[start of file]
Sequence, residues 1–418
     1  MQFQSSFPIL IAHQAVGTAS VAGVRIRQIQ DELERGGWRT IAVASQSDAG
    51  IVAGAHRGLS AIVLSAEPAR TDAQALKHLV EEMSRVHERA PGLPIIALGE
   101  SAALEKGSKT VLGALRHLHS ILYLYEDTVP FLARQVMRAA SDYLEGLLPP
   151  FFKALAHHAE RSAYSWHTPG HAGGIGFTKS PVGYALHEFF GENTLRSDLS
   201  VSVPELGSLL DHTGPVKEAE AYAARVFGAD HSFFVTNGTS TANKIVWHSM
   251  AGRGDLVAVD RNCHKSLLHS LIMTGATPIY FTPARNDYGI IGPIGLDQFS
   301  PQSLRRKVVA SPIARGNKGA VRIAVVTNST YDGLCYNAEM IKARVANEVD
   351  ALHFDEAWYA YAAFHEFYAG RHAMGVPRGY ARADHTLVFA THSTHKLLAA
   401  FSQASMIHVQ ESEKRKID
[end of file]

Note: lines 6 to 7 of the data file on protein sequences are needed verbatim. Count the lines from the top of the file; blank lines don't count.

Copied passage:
   201  VSVPELGSLL DHTGPVKEAE AYAARVFGAD HSFFVTNGTS TANKIVWHSM
   251  AGRGDLVAVD RNCHKSLLHS LIMTGATPIY FTPARNDYGI IGPIGLDQFS